Generally speaking, the teaching of the post-Kortness cases that have been mentioned, as I read them, is that an inmate of a federal prison or correctional institution, sentenced originally under what used to be 18 U.S.C. § 4208(a)(2), and who feels aggrieved by the action of the United States Parole Board or Commission in refusing to grant him early parole, may obtain relief in the sentencing court by means of a proceeding commenced pursuant to § 2255 under certain narrowly defined conditions. If those conditions are not met, the sentencing court has no § 2255 jurisdiction, and the inmate must obtain relief, if at all, by means of a petition for a writ of habeas corpus pursuant to 28 U.S.C. § 2241, which petition must ordinarily be filed in the judicial district wherein the petitioner is physically confined.1
In 1973 a federal convict who was not serving a life sentence or a sentence in excess of forty-five years was automatically eligible for parole consideration at the expiration of one-third of his sentence. 18 U.S.C. § 4202, (1969).2 It may safely be assumed that where a judge imposed a maximum sentence as then provided by § 4208(a)(2), he intended for the Parole Board to give some meaningful consideration to the question of whether or not the individual in question should be granted parole and released from prison prior to the expiration of one-third of his sentence. And I think that "prior" to the expiration of one-third of the sentence means substantially prior and not just a few hours or a few days.
Where early parole is not granted in a case of this kind, the sentencing court may grant § 2255 relief under Kortness if (1) the sentence was imposed prior to or contemporaneously with the promulgation in November, 1973 of the guidelines that are discussed in considerable detail by Judge Bright, and (2) the Parole Board or Commission failed to consider the defendant's application for parole within the first one-third of his sentence.
As to the second condition, we have held that if what a § 2255 petitioner is actually complaining about is the action of the paroling authority in denying him parole or in the quality or procedural sufficiency of a hearing afforded to him during the first third of his sentence, the petitioner's remedy is by way of habeas corpus, and the sentencing court has no § 2255 jurisdiction with respect to the claim for relief.3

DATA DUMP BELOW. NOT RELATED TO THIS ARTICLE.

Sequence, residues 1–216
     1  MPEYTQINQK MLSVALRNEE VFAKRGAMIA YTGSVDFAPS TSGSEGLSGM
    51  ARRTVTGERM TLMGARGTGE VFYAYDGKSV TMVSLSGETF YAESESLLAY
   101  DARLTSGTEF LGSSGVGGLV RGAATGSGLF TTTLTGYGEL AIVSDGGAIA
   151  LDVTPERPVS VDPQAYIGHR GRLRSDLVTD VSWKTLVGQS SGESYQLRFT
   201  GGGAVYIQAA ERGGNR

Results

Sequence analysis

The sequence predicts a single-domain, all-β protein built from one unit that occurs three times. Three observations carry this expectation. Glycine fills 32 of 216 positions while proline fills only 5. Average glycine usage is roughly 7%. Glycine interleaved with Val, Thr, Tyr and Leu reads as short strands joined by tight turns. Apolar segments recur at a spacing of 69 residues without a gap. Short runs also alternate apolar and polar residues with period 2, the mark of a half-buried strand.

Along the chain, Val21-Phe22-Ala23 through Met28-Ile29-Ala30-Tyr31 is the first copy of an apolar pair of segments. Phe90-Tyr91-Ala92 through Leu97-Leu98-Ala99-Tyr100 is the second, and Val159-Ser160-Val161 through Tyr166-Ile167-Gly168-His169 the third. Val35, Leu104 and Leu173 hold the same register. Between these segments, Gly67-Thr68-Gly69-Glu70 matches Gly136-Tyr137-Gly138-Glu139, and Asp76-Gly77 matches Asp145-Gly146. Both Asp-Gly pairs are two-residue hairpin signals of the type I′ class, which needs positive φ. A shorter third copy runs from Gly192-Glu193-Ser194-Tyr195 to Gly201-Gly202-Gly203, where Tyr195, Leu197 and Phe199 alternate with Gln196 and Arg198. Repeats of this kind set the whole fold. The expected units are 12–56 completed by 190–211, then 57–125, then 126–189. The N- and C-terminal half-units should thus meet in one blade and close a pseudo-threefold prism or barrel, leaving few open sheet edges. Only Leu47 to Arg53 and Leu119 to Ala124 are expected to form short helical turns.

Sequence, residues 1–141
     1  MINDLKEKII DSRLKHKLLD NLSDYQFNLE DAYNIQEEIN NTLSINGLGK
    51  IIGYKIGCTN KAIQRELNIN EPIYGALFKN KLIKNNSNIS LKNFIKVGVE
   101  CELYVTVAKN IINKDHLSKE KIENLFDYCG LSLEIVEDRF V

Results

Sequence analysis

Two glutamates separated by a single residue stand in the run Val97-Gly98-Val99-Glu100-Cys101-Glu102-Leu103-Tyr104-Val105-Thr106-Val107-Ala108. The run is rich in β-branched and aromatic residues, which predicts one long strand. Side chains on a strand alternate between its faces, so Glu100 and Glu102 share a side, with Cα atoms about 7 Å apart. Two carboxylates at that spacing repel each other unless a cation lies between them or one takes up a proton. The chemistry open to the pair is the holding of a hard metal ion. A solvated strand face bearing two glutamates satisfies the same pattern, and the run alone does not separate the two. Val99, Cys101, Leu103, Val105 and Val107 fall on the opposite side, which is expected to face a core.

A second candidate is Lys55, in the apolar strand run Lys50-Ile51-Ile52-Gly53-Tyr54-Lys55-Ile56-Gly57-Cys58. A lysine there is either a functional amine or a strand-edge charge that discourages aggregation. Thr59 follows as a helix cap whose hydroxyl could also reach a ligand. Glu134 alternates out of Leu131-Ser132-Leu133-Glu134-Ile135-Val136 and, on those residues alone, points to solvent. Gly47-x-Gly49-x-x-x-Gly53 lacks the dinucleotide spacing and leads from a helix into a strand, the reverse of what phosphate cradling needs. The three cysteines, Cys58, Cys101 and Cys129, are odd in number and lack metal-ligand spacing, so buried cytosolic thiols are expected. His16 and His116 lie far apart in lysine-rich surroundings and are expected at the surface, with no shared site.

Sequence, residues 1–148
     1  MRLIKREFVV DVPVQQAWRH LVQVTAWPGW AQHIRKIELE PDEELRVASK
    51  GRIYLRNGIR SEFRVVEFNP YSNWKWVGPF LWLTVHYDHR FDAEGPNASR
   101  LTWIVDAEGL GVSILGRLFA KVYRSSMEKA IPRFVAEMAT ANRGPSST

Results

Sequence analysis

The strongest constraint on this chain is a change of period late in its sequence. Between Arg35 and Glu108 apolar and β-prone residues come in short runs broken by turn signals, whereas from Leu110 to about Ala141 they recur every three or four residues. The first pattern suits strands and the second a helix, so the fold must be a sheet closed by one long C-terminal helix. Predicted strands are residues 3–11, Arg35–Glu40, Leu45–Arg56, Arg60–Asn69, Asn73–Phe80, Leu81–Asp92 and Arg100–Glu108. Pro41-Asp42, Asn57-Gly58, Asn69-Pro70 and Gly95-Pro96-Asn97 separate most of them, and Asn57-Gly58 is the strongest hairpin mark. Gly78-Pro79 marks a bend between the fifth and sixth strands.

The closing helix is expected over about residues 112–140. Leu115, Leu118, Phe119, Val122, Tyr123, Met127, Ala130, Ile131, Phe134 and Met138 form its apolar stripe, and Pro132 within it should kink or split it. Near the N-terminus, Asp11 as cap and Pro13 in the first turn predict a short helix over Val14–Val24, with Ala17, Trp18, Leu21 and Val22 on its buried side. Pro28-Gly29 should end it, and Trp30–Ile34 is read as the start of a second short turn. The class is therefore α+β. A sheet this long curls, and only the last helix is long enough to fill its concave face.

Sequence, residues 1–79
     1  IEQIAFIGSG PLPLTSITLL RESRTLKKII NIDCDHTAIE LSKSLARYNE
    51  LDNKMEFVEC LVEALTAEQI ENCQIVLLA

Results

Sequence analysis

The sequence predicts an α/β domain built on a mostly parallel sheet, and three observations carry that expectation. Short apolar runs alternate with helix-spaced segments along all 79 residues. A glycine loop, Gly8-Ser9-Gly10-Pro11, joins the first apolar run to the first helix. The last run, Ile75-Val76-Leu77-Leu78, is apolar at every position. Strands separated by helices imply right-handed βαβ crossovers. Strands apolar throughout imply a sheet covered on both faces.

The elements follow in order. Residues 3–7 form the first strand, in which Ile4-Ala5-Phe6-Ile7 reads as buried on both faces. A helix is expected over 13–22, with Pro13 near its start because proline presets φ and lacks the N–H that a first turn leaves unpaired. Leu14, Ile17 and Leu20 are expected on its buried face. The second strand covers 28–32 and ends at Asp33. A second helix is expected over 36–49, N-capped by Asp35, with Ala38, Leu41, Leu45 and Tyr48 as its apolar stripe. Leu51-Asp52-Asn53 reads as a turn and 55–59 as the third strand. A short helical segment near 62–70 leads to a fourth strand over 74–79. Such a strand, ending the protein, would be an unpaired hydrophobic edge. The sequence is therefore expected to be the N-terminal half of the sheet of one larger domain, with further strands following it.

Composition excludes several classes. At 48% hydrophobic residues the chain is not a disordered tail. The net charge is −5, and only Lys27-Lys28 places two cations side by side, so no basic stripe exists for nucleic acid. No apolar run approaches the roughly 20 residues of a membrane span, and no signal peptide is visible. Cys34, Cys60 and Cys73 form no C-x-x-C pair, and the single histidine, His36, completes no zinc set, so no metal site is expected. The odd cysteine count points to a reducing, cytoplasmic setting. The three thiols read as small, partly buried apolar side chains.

However, it seems to me that regardless of the quality and outcome of the hearing, the intention and expectation of the sentencing judge when he imposed the § 4208(a)(2) sentence cannot be realized unless the hearing is held substantially prior to the expiration of the first one-third of the maximum sentence imposed. Even if the paroling authority decides at the hearing that parole should be granted, the decision is essentially meaningless to the inmate within § 4208(a)(2) context if the hearing is not held until immediately before the expiration of the first one-third of the inmate's sentence.
In other words, in my opinion an eleventh hour hearing by the Board or Commission does not suffice to deprive a sentencing court of its § 2255 jurisdiction, and I think that the hearing that the Commission accorded the appellant Edwards came too late as far as the district court's jurisdiction was concerned.
The record reflects that while appellant was not sentenced formally until August 9, 1973, he was convicted by the jury on May 18, 1973; it seems to be agreed that shortly after that date, if not before, appellant was confined in jail, and that his sentence of ten years (120 months) began to run. Thus, one-third of appellant's sentence (40 months ignoring good time) would have expired about September, 1976.
I agree with Judge Bright that the initial hearing afforded appellant by the Board in November, 1973 before the guidelines were even published in the Federal Register did not amount to anything by way of meaningful consideration for early parole. At that hearing appellant's case was scheduled to be heard again in November, 1976 which would have been more than forty months after service of sentence commenced.
In March, 1975 appellant's hearing was rescheduled for September, 1976 and was actually held in August of that year. Judging from the decision of the Parole Commission, the hearing took place after service of thirty-nine months and thus was held within the fortieth month of appellant's term.
Administrative routine and procedure being what it is, it is completely unrealistic to suppose that even if the Commission had decided in August, 1976 to parole appellant, he would have been released from prison at any time substantially prior to the expiration of one-third of his ten year sentence. Hence, appellant's "early release" would have been meaningless from a practical standpoint.4
I do not think that the case can be disposed of properly by reference to the statement of the sentencing judge that since a hearing had been held within the forty month period, the sentencing intentions and expectations of the judge had been met. It occurs to me that the sentencing judge simply may not have considered any question of the timeliness of the Commission's hearing as far as giving appellant any meaningful relief was concerned.
In my view, the district court had § 2255 jurisdiction of the petition, and upon remand the sentencing judge should give further consideration to the question whether appellant should be resentenced.
STEPHENSON, Circuit Judge, dissenting.
I respectfully dissent.
The sentencing judge upon the record now before us after reviewing the same stated:
Accordingly, I hold that, since the Petitioner in this case has been timely accorded "meaningful consideration" of his application for parole, my expectations concerning the § 4208(a)(2) sentence imposed have not been thwarted.
Under the circumstances I see no reason for remanding this matter to the district court for further hearing. See Gravink v. United States, 549 F.2d 1152 (8th Cir. 1977).